Minnesota Supreme Court Decision

Minnesota Supreme Court denies former Minnesota Vikings player’s claim for brain injuries based on statute of limitations. On July 31, 2019, the Minnesota Supreme Court issued its decision in Noga v. MN Vikings Football Club, A18-1685. In the case, Noga brought a claim for neurocognitive disorder, formerly known as dementia. Noga played defensive lineman, and was known for his head-first style of playing. In 2001, he filed a claim for benefits regarding his various orthopedic injuries. In a medical report completed by Dr. Fruean in February 2004, Noga’s orthopedic issues and neurological issues, including “blackout episodes from concussions from football injuries” and “headaches episodes, from football injuries” were noted. Noga’s 2001 orthopedic claim was settled, and the Award on Stipulation was filed in March 2004.


In 2015, Noga filed a Claim Petition for workers’ compensation benefits relating to his head trauma and brain injuries. Liability was denied. At the Hearing, the compensation judge found that Noga sustained a Gillette injury of “head trauma, brain injury, and/or dementia” that culminated on or about December 1, 1992 and that the injury was a substantial contributing factor to Noga’s permanent and total disability.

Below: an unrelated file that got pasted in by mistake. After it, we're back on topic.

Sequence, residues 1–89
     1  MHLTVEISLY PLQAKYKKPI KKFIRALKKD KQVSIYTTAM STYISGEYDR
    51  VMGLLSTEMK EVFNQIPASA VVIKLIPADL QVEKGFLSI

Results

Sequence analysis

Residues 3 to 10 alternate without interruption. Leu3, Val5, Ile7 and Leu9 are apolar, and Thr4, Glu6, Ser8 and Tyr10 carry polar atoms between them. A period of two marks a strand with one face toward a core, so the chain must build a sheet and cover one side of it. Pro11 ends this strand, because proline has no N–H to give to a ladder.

On appeal, the WCCA remanded several issues to the compensation judge, who again decided that Noga sustained a Gillette injury to the head which culminated on December 1, 1992, and that Noga should have known the nature, seriousness, and probable compensable nature of his injury in 2004. Because of this finding, it was clear that more than six years had passed from the date he knew of the injury to the date the Claim Petition was filed in 2015. Nevertheless, the judge concluded that the statute of limitations was satisfied under Minn. Stat. 176.151 because the Vikings provided Noga with medical care for his head injuries, which constituted a “proceeding” to toll the statute of limitations.


The matter went up to the Minnesota Supreme Court, which reversed the WCCA, holding that the Minnesota Vikings’ providing medical treatment for Noga’s head injuries did not constitute a proceeding, so therefore the claim was barred under the statute of limitations. Employees have six years after a date of injury to bring a workers’ compensation claim if no First Report of Injury is filed. One exception is if the injury is admitted, or a “proceeding” occurs to toll the statute of limitations. In this case, the Supreme Court found that providing medical care did not meet the criteria of a proceeding, and therefore Noga’s claim was barred under the statute of limitations.


The full opinion can be found here: https://mn.gov/law-library-stat/archive/supct/2019/OPA181685-073119.pdf



Summary by Parker T. Olson